Scientists Are Giving Dead Brains New Life of a Sort

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What Could Go Wrong?

In experiments on pig organs, scientists at Yale made a discovery that could someday challenge our understanding of what it means to die,” Matthew Shaer, a writer at large for the N.Y. Times Magazine, reports in tomorrow’s cover story: Scientists Are Giving Dead Brains New Life.

In experiments on pig organs, scientists at Yale made a discovery that could someday challenge our understanding of what it means to die.

In recent years, some scientists have moved from the study of the organic tissue to the wholesale creation of artificial brain matter.

Grown from human stem cells reprogrammed to act like neurons, brain organoids, or ‘mini brains,’ can mimic some of the functions of their biological counterparts — last year, for example, the biologist Alysson Muotri announced that his lab at the University of California had grown brain organoids with neurons that fired at a level consistent with that of a preterm infant.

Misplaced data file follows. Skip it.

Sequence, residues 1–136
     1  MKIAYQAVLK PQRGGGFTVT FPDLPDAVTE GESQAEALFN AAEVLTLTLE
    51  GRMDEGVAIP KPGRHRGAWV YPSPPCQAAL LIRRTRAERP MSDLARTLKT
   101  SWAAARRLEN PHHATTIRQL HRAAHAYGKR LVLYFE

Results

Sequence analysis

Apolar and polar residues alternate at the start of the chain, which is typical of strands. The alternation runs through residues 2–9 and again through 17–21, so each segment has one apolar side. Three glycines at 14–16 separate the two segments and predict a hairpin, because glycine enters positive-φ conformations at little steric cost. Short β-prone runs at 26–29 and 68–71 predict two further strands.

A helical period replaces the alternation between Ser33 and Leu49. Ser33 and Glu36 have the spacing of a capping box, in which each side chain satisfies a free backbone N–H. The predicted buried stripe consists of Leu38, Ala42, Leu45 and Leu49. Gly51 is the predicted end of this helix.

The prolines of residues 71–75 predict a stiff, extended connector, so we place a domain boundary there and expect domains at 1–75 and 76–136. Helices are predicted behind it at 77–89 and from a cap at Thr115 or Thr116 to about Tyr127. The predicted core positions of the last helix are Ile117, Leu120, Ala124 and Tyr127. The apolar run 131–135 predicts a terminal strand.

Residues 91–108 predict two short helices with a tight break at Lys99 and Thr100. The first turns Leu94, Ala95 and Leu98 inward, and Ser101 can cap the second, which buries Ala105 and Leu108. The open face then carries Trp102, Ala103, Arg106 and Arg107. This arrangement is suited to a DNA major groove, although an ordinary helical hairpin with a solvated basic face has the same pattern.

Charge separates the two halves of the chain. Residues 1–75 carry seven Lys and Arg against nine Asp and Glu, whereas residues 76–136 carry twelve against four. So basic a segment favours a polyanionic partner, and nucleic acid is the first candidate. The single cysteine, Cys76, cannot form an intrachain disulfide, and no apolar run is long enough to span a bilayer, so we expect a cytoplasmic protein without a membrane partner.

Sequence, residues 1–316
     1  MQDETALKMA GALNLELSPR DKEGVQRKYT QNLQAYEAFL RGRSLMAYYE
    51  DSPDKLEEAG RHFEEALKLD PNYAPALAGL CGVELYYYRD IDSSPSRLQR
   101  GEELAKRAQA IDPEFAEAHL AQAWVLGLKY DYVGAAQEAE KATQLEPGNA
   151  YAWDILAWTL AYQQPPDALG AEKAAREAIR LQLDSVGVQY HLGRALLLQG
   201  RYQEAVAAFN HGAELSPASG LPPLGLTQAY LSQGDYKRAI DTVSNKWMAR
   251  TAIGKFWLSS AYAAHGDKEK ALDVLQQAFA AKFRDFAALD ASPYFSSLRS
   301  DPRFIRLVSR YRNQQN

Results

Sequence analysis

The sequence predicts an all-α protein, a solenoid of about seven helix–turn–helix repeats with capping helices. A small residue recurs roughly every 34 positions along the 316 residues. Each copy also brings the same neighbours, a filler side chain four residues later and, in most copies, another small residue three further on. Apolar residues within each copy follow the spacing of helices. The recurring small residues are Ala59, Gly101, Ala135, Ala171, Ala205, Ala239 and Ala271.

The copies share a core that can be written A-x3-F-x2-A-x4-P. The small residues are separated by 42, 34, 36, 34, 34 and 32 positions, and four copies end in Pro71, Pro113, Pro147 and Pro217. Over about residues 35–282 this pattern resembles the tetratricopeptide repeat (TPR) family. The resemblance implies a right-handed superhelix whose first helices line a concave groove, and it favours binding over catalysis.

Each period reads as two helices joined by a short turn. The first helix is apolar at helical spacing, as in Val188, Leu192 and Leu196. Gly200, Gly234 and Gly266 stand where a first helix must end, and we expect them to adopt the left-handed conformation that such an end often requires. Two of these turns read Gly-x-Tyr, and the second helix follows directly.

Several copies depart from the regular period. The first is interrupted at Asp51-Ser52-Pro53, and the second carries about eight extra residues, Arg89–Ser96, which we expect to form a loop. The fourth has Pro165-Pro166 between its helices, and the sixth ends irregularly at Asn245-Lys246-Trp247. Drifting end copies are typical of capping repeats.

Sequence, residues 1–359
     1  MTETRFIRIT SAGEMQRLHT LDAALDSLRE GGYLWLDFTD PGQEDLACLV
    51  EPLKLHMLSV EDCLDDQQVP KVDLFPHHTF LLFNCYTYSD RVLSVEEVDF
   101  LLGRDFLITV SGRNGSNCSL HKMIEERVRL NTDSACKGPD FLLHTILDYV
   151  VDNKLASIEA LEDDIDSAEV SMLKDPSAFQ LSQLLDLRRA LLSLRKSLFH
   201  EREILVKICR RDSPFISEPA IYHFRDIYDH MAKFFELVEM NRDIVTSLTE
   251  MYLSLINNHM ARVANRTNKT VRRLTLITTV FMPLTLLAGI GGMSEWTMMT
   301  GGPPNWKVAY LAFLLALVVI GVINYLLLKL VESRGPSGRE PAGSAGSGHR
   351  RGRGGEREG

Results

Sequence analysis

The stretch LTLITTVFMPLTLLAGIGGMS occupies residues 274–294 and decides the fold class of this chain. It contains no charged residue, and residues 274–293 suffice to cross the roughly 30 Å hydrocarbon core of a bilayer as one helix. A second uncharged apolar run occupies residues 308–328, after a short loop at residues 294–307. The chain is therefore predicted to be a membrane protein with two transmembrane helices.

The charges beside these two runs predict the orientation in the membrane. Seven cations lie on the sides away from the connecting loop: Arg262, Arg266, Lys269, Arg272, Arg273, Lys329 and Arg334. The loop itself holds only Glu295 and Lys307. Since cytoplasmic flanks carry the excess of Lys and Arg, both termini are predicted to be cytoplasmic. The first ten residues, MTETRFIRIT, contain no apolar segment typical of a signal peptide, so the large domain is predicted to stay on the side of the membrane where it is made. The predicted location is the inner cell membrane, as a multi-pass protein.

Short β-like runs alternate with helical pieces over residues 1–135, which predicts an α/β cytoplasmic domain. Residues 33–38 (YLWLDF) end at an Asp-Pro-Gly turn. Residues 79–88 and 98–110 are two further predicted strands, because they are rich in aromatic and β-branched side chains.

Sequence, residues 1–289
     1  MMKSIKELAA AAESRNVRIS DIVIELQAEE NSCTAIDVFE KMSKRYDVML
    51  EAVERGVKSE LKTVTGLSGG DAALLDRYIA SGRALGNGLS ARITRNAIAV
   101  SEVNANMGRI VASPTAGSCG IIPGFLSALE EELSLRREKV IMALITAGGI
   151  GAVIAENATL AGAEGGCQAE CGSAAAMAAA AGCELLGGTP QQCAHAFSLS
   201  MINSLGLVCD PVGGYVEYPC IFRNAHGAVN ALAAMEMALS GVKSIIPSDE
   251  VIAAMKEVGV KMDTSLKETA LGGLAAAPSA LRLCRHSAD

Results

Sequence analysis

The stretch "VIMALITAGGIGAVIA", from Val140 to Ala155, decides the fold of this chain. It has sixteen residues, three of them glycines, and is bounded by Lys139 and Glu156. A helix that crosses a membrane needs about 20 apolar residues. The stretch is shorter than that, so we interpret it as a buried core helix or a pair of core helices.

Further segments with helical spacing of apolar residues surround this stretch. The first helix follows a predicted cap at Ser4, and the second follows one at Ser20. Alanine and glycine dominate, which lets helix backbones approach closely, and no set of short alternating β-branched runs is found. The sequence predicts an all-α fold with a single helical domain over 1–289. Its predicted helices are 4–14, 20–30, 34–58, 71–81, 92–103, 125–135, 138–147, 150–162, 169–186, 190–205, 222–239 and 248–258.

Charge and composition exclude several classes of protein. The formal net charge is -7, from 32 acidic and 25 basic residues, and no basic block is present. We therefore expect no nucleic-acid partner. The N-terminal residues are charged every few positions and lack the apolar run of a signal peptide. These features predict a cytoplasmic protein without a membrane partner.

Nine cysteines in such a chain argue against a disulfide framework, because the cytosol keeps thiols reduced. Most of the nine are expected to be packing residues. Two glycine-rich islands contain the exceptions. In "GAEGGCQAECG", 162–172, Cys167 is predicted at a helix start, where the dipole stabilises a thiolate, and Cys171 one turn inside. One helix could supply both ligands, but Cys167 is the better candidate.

Muotri has said he hopes to use the creations to research brain function and formulate disease models without buying lab animals or expensive specimens from brain banks.

He says the brains can feel something but they are not aware of anything. He does suggest anesthetizing them.

It has an air of Frankenstein-ism but he’s only hoping to look for cures of diseases like schizophrenia and autism. Read the story here.

THEN THERE ARE THE HEAD TRANSPLANTS

There are others who want to perform head transplants. It looked like it was going to happen a few years ago.

Dr. Canavero said in an essay penned for Germany’s popular Bild newspaper: ”After proving in Korea that a spinal cord can be reconstructed allowing animals to walk again, and in China that a monkey head can survive detachment and reattachment, that dream is fast becoming a reality. The first studies on cadavers.”

But the doctor claims his plans have received consternation in his home continent. And he is looking to overcome this.

Russia and Germany are interested in letting him attempt his head transplant.

A Russian computer scientist Valery Spiridon is suffering from a muscle wasting disease. He wants to be Patient Zero for the spectacular operation.


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